loki: Loki, Alberich & Odin (Default)
Ergi, like the adjective argr from which it is formed, has a strongly pejorative sense: it is scarcely an exaggeration to say that no other Norse word was able to provoke such violent feelings and reactions. According to the opinion of the time, the application to a man of the term argr (or its synonym by metathesis ragr) meant that he was 'unmanly' in various ways, and in particular that he was a coward and a homosexual. 
[...]
If sexual perversion as such had been the object of contempt and moral disapprobation, the latter would surely have been expressed in the laws dealing with obscene libels. But this is not the case: rather it would seem that it is the feminine sexual role which makes the allegations of ergi particularly injurious and in fact intolerable for the recipient. This assumption is further supported by the fact that the Norwegian laws already mentioned include insults likening a man to a female animal (berendi) among the words liable to the highest personal recompense. to liken a man to a male animal cost only half as much (halfréttisorð). Accusing a man of having given birth to a child, i.e. of having performed an exclusively female sexual function, is added by the Gulathing Law to its list of 'full penalty words' (fullréttisorð) indicating the severest recompense to be paid.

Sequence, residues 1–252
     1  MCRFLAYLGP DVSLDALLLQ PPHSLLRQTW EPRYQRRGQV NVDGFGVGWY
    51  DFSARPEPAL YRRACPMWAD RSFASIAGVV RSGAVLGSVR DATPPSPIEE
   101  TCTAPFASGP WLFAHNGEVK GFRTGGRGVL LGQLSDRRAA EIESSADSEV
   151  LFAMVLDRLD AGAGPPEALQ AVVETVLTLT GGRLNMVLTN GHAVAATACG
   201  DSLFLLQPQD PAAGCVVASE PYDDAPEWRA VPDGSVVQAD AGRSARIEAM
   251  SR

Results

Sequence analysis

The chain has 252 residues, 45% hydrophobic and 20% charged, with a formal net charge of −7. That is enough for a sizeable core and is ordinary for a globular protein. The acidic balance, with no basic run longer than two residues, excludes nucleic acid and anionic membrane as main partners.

[...] 
In the mythological poetry we encounter comparable charges that a man has taken the shape of a woman. I am referring primarily to Lokasenna. When the gods reply to Loki's words of abuse they find effective points of attack in his mythical past. Three times it is said that he is argr and indeed the matter is well documented: at the dawn of time he mated in the guise of a mare with the stallion Svaðilfari. The fruit of that union is the horse Sleipnir, which thus has Loki as its mother.

It is therefore obvious that Loki is guilty of shameless ergi.

― "Níð, ergi and Old Norse moral attitudes" by Folke Ström (Med. / Fil.Dr, Biblioteksråd Gothenburg, 1973)
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loki: Loki, Alberich & Odin (Default)
one hundred and one lokis!

October 2012

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